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Corporations use of Online Communities in the Process of Retaining Consumers in Long-term Relationships

Master thesis 2010 Master of Arts in Corporate Communication Aarhus School of Business Student: Allan Pontoppidan Supervisor: Sara Alwan

Master of Arts in Corporate Communication Allan Pontoppidan Aarhus School of Business

Table of Contents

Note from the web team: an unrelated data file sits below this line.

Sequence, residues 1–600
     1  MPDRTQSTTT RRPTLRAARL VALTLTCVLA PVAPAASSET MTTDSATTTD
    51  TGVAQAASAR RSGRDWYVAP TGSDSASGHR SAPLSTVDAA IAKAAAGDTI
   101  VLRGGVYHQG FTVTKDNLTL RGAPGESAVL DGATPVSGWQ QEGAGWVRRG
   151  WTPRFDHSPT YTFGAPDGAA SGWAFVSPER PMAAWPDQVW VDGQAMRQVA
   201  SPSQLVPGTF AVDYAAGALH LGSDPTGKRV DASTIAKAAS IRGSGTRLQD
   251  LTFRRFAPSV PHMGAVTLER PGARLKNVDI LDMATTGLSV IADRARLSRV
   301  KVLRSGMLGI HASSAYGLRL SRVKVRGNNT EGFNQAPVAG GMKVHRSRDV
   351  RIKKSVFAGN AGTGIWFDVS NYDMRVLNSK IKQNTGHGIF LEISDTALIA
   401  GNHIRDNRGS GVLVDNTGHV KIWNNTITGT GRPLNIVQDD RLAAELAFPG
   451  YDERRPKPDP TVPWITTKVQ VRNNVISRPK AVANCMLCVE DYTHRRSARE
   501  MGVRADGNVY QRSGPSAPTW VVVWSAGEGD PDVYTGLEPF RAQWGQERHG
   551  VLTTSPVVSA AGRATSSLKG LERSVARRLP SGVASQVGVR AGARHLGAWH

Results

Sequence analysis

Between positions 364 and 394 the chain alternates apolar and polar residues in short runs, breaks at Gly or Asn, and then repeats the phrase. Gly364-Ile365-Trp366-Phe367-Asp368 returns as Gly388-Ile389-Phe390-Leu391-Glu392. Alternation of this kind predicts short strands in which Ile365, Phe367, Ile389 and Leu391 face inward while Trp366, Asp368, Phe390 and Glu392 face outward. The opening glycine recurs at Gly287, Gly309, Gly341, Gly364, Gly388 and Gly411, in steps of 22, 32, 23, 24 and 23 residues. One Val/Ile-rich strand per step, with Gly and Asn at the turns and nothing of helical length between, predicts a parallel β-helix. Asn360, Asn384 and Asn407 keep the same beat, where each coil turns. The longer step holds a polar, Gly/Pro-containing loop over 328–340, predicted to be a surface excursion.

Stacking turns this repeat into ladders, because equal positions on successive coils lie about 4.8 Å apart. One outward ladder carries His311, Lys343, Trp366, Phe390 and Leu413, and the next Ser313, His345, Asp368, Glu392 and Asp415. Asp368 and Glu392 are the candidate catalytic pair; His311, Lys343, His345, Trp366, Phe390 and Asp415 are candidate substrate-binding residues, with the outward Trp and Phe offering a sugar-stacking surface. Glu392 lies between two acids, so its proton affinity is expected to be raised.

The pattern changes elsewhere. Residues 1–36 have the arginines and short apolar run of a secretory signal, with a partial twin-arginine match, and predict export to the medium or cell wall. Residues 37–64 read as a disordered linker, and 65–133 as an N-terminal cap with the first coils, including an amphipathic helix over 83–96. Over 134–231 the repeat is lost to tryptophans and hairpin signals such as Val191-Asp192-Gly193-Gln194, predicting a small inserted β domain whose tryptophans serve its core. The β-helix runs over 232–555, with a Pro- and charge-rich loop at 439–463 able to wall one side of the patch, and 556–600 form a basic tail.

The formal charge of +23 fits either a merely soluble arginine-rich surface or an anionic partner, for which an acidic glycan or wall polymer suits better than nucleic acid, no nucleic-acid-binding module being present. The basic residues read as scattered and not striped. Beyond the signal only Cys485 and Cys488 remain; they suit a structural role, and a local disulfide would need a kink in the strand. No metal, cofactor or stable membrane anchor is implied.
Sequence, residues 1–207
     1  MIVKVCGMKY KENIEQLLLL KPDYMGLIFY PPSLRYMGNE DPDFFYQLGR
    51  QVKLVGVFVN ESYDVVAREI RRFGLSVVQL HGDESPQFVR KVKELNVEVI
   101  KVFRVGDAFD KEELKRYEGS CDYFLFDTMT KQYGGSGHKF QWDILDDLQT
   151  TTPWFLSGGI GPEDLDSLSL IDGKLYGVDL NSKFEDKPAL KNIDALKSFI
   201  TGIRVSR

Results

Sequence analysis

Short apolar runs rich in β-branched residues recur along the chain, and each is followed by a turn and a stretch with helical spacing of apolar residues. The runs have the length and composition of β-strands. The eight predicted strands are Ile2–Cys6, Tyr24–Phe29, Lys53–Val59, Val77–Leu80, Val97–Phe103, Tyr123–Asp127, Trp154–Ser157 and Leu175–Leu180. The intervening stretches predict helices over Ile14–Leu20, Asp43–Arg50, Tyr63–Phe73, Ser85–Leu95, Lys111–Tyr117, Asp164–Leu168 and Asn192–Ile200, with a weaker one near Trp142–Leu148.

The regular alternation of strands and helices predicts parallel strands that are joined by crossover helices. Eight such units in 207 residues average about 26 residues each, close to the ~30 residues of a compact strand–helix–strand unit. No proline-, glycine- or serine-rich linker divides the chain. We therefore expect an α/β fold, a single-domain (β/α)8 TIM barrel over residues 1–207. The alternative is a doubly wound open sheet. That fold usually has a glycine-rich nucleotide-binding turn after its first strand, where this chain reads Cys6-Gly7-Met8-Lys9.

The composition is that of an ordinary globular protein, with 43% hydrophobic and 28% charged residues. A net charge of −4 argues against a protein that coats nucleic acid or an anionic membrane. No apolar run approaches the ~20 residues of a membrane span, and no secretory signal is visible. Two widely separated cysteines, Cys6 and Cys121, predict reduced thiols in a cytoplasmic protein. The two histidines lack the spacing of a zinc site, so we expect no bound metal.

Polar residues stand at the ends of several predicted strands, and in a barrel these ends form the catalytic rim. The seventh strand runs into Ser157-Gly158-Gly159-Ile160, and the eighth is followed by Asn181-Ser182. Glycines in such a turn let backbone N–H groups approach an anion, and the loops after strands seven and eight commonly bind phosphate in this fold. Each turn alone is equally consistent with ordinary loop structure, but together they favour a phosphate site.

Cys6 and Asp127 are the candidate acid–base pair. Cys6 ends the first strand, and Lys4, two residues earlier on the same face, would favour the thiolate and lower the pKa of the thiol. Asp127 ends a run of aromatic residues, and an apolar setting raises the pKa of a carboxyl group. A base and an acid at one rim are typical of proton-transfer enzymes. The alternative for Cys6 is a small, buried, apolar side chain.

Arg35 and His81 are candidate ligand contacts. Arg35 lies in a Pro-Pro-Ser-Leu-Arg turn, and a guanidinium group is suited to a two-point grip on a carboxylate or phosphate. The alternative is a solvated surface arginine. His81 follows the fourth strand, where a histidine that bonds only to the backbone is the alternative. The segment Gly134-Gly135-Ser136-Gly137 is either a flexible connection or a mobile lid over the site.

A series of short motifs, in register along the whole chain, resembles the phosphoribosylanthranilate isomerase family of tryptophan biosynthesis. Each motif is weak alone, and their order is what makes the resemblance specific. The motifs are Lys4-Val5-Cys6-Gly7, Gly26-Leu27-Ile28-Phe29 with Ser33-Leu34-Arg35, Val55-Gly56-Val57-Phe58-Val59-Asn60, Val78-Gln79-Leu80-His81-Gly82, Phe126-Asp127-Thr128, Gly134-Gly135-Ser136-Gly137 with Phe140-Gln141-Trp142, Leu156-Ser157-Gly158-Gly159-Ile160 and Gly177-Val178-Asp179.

1. Introduction ...................................................................................................................................... 6 1.1 Problem Statement ..................................................................................................................... 7 1.2 Theory of Science ...................................................................................................................... 8 1.2.1 Social Constructionism ....................................................................................................... 9 1.2.2 Part Conclusion ................................................................................................................. 11 1.3 Choice of Theory ..................................................................................................................... 11 1.3.1 Postmodernity ................................................................................................................... 12 1.3.2 Relationship Marketing ..................................................................................................... 12 1.3.3 Social Media and Online Communities ............................................................................ 13 1.4 Choice of Method and Structure .............................................................................................. 13 1.5 Delimitation ............................................................................................................................. 15 2. The Societal Worldview of Today A Definition of Postmodernity ............................................ 17 2.1 A Definition and the Historical Perspectives of Postmodernity .............................................. 17 2.2 The Postmodern Consumer ...................................................................................................... 19 2.3 Postmodern Marketing Communication Business as Unusual ............................................. 20 2.4 Part Conclusion ........................................................................................................................ 23 3. Relationship Marketing .................................................................................................................. 25 3.1 Definition and Clarification of Relationship Marketing .......................................................... 25 3.2 Development and Current Form of Relationship Marketing ................................................... 28 3.3 Loyalty ..................................................................................................................................... 30 3.4 Part Conclusion ........................................................................................................................ 34 4. Social Media and Online Communities ......................................................................................... 36 4.1 Theoretical Description and Definition of Social Media ......................................................... 36 4.2 The Implementation of Social Media in Corporate Communication ....................................... 38 4.3 Online Communities ................................................................................................................ 44 4.3.1 The Motivation for Members to be Active and Participate in an Online Community...... 49 4.3.2 The Importance of Active Members to an Online Community ........................................ 51 4.4 Netnography The Online Analysis ........................................................................................ 52 4.5 Part Conclusion ........................................................................................................................ 56 5. Case Study Weber Klubben ........................................................................................................ 58 5.1 Weber Klubben The Official Weber Online Community ..................................................... 58 5.2 Weber Klubben and the Theoretical Framework ..................................................................... 61 5.2.1 Weber Klubben and the Netnographic Analysis ............................................................... 68